Andrew Barr is Deputy Chief Minister of the Australian Capital Territory Legislative Assembly and the first openly gay Member of the Assembly (MLA) and the first openly gay Cabinet member anywhere in Australia.
He’s been butting heads with Australian Marriage Equality campaigners over the wording of the Territory’s same-sex marriage act, ahead of the High Court hearings into the constitutionality of the legislation.
The Commonwealth wants the law struck down, claiming to ‘cover the field’ in respect of marriage in Australia. The Territory asserts that the Howard government amendments to the Marriage Act means the Commonwealth has vacated the field in respect of same-sex marriages.
As I have argued elsewhere, in order for state and territory based marriage bills to succeed, they must get the High Court to agree that same-sex marriages are not the same, and not equal to, traditional heterosexual marriages. This is not a conclusion one would wish to see enshrined in law, if the desired outcome is equality.
Yet this is precisely the outcome for which marriage equality campaigners are now striving. They have criticised the ACT government for not making what they call ‘minor amendments’ to their legislation in order to minimise the chance of the High Court striking it down.
In response to their pressure, writing on Facebook, Barr replied:
The proposed amendments removed the following list of words or phrases from the ACT legislation:
• equality by allowing for marriage between 2 adults of the same-sex
• marriages between 2 adults of the same-sex that are not marriages within the meaning of the Marriage Act 1961 (Cwlth)
• to marry
• getting married
• married to each other
In my opinion, once you take these words and concepts out we are pretty much left with the existing ACT Civil Unions Bill except that “civil unions” are renamed “same-sex marriage”.
In other words, the proposed amendments did not “improve” legislation, they stripped it back and made it more conservative.
If the High Court rules that those words can’t be used in our legislation then we will amend it. Until that point everything else is conjecture.
In my view, even with those words IN the Act, we still don’t have marriage in any meaningful sense of the word. Marriage for LGBTI people only makes sense if it is exactly the same, with the same rights and responsibilities, as traditional heterosexual marriage.
The whole point of the battle for marriage is to assert that our marriages are of exactly the same value as everyone elses. Once you concede that we can make do with a different, separate, inferior version, even if only temporarily, we are indeed back to civil unions, even if we now tack on a label saying ‘marriages’. We are erecting barriers to equality, not stepping stones.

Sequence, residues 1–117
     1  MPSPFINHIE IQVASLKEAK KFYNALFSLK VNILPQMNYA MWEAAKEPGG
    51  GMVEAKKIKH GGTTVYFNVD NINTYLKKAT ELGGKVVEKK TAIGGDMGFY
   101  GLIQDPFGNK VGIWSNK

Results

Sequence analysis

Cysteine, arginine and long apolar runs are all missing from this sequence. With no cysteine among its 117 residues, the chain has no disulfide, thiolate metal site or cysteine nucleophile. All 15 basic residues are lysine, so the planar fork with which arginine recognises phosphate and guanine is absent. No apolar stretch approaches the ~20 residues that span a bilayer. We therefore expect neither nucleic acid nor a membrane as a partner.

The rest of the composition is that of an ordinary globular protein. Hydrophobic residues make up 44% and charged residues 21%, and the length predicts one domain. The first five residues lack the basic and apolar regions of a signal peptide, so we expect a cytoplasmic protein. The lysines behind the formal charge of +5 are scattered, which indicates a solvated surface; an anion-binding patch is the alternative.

Andrew Barr is right: he just doesn’t follow his own logic through. If he did, he would have to concede that even attempting to put up this legislation in the first place is a waste of time and effort.
The Tasmanian Parliament has reached the same conclusion, and won’t be proceeding with state based same sex marriage. At the time of writing, New South Wales is getting ready to mount a bill of their own, but Premier Barry O’Farrell has pointed out the obvious -that whatever this is, it isn’t equality.
In response, the present leader of AME, Rodney Croome, and his predecessor, Alex Greenwich, have come out swinging, suggesting that the states have a ‘moral responsibility’ to provide equality, ignoring the fact that state-based laws simply cannot achieve this.
If the Commonwealth will not engage with us constructively on steps towards marriage equality voluntarily, then some means must be found to make them do so. Some campaigners thing state based marriage is the way to do this. Others, myself included, think chasing the chimera of state based marriage is a waste of time.
The biggest single issue which we have to tackle, and tackle urgently, is the high rate of mental illness in our community, brought on and sustained by the homophobic world in which most of us live.
Marriage equality has been shown to be an important tool in changing that, but it has to be the real deal. Settling for less will only make things worse.
Journalist Serkan Ozturk has pointed out, also on Facebook:
About half of all LGBTI marriages will also end in divorce. This means hell in the Supreme Court as state-based marriage doesn’t allow you access to the Family Court.
A NSW marriage (or any other state or territory) will also fail to extend any legal or financial entitlement/benefit that people who marry under Federal Act are eligible for. It will also not be valid in any state or territory that doesn’t itself have a state same-sex marriage law.
Further, state laws such as that drafted for NSW will complicate matters for Trans and Intersex people and force them into a charade until it is fixed at the federal level.
He says he would never consider a state based marriage, should they become available, and neither should we.